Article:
Molly Beauchemin

No Water, No Problem: GC Tips on Caring For Succulents

Are you a busy 9-to-5er with limited time for horticultural hobbies? Do you have trouble remembering to water your plants? Looking for something cute, green, thriving, and low-maintenance? Look no further than succulents: drought-resistant, desert-based plants with fleshy, water-retentive leaves.

There are so many varieties to choose from: there’s the soothing aloe, the sleek jade, the soft, artichoke-resemblent Hens-and-Chicks, the prickly pincushion cactus…and so much more. Succulents embody a wide range of colors, textures, and sizes, with one overarching characteristic: they’re damn hard to kill. An evolutionary response to the harsh sun and infrequent rain of their native climes, succulents store most of their water internally, enabling them to go weeks without watering. They are the ultimate desert plant, which also makes them perfect indoor specimens – so if most of your apartment gardening efforts end with shriveled stalks and dead leaves, caring for succulents might be your perfect solution.

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When it comes to apartment-suitable succulents, gardeners are glutted with options. Here are some of GC’s favorites:


Thousands of needly spines make Mammillaria one of the least-cuddly succulents available, but after a few years, it makes up for it with a crown of striking, star-shaped flowers. The rounded, prickled orb (frequently called a “pincushion”) happens to be the most popular type of cactus in America.

Burro’s Tail (Sedum morganianum)

So named for its resemblance to a donkey’s tail, this chalky, gray-green plant offers fleshy cascades that are soft and springy to the touch.

Medicine Plant (Aloe Vera)

Chefs owe it to themselves to have an aloe plant in the kitchen in case of burns: the plant’s milky-white sap has been cultivated for thousands of years as a soothing balm. More than the sum of its sap, the Medicine Plant’s assertive, speckled fronds form a cheerful, grass-like silhouette.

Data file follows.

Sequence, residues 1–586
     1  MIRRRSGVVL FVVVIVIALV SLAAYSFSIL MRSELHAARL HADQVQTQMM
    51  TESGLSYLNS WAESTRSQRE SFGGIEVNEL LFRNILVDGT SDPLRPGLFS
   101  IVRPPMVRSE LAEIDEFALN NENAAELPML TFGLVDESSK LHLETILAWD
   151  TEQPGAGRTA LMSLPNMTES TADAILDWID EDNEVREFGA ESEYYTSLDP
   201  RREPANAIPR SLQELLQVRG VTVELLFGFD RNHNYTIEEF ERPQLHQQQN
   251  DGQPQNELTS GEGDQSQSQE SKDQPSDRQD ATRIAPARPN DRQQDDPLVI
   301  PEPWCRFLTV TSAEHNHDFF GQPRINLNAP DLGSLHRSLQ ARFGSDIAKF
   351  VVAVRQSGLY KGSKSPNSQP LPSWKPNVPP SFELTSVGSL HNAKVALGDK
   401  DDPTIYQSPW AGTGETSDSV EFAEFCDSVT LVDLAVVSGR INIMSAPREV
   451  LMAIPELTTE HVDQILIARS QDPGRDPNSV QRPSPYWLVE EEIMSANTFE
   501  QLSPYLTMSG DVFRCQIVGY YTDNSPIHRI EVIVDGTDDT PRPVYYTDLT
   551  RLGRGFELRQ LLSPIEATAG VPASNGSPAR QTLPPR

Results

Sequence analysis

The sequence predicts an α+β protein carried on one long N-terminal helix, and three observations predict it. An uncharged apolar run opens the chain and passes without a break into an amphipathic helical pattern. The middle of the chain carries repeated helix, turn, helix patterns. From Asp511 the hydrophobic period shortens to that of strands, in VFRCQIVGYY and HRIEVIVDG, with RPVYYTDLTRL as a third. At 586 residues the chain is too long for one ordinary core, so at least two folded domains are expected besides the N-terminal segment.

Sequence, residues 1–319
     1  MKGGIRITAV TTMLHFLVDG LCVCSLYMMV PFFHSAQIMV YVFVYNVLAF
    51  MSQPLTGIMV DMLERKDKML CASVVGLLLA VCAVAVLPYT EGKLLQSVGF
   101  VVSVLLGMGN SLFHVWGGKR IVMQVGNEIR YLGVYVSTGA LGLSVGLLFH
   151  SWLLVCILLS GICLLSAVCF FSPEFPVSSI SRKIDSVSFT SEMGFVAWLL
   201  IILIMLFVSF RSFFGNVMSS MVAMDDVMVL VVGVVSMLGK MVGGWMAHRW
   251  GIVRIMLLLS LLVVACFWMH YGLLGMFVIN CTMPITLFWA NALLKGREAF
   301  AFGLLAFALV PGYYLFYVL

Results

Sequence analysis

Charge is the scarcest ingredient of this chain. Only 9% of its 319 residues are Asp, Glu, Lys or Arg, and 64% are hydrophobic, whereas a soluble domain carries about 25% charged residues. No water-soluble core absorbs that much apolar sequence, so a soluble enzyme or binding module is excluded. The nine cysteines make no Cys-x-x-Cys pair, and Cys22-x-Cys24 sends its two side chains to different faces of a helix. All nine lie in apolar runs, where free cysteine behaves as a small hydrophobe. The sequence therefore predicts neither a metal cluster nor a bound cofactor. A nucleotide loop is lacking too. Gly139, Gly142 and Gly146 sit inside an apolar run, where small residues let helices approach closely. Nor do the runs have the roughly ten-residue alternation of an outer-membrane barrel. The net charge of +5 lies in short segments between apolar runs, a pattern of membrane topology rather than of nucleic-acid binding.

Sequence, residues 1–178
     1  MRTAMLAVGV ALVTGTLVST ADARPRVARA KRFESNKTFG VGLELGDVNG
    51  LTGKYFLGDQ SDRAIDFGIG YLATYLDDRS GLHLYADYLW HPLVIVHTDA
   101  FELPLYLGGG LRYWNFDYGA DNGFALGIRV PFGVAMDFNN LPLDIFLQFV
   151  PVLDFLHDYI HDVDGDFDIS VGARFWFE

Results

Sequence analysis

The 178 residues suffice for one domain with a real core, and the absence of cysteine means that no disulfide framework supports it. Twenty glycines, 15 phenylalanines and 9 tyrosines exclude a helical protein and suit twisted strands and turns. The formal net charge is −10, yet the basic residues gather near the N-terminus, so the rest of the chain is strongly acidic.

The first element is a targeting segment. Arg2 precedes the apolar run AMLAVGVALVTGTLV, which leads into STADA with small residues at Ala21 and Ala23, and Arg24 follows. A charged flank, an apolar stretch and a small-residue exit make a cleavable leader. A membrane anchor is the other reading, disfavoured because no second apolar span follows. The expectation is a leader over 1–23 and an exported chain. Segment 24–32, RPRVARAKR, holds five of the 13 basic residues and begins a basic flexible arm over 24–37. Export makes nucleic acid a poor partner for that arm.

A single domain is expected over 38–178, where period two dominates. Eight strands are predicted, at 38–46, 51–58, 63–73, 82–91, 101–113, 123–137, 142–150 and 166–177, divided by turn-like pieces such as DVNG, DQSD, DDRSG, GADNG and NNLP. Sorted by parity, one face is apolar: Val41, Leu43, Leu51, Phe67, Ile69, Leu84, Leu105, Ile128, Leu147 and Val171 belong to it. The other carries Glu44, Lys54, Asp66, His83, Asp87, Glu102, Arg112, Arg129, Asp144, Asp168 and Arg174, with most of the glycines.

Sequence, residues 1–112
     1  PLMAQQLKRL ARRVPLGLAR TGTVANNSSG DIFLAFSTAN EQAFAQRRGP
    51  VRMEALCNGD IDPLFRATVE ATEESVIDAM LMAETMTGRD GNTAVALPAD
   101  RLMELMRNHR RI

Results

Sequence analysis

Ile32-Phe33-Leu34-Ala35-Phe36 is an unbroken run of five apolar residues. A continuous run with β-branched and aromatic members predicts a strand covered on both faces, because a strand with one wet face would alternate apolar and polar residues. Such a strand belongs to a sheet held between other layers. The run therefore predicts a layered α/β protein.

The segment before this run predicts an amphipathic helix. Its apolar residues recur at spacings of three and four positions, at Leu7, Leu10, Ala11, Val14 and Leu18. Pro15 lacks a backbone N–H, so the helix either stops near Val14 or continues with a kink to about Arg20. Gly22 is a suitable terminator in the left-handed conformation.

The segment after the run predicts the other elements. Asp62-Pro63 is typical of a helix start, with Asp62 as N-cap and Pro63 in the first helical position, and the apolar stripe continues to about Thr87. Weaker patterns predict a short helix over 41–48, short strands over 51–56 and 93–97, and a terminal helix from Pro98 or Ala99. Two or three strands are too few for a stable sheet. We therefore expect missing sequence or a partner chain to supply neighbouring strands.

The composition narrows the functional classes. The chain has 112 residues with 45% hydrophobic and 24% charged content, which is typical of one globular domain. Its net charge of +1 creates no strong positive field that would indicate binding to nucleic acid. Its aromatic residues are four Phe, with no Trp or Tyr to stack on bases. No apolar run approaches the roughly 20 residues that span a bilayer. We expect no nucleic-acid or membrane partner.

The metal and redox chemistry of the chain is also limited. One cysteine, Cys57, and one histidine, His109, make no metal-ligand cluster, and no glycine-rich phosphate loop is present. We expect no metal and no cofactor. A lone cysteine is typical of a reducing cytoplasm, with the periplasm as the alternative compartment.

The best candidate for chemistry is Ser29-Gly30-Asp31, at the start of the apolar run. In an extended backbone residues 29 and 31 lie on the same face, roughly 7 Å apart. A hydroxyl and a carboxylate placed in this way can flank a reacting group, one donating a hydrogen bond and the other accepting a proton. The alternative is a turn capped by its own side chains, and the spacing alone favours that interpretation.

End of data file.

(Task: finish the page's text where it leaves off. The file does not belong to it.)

Jade Plant (Crassula Ovata)

Endemic to South Africa and Mozambique, the tree-resembling jade plant (alternately referred to as “the friendship tree”, “the money tree”, or “the lucky plant”) thrives indoors (even in low-light spaces). The plant’s evergreen leaves offer a bit of biological communication with their owner: if it’s getting excess sunlight, its leaves may take on a red hue.


These odd succulents resemble “living stones”, and bear a beautiful surprise after their second or third birthday: gorgeous white blooms that unfurl in the fall.

Tips For Care

Whether you’re potting them alone or making a living mosaic of various specimens, succulents tend to favor fast-draining soil, or even potting pebbles. Don’t just scoop up dirt from your garden: more likely than not, it’ll be too acidic; look for high peat blends. Only water once a week – every 3 weeks in the winter, when the succulents are dormant – or when the soil is visibly dry (exceptions to this rule include Orchid and Christmas cacti, which are tropical plants and need more water).

Succulents are susceptible to mold, and many well-intentioned gardeners have found out the hard way that too much TLC is a leading cause of cactus funerals: so after the soil is soaked all the way through, pour out the excess liquid to ensure spores don’t form. All plants need fertilizer, so make sure to fertilize sparingly in the spring or summer with a balanced fertilizer, and re-pot the plants once a year.


As desert plants, succulents expect several hours’ exposure to sunlight every day, more than your average houseplant. In you’re in the Northern Hemisphere, a south-facing windowsill is your best bet (north-facing if you’re below the equator) for maximum exposure. For homes without plentiful natural light, a fluorescent bulb will do just fine, and make your plant just as leggy (just keep the temperature in the room around 40-50 degrees F).

Don’t neglect your charges, though – while it may sound implausible, too much hot sun can burn and blister a succulent’s sensitive tissues, reducing their chance of survival. If you begin to notice wrinkles or tan spots, move them out of the direct rays until the wounds subside.


With thousands of varieties circulating in gardening circles (and with even more rad cultivars continually being discovered and disseminated), it’s safe to say that succulents won’t be going out of style any time soon. The best part? You can jump in on the fun at any point, be it December or June.

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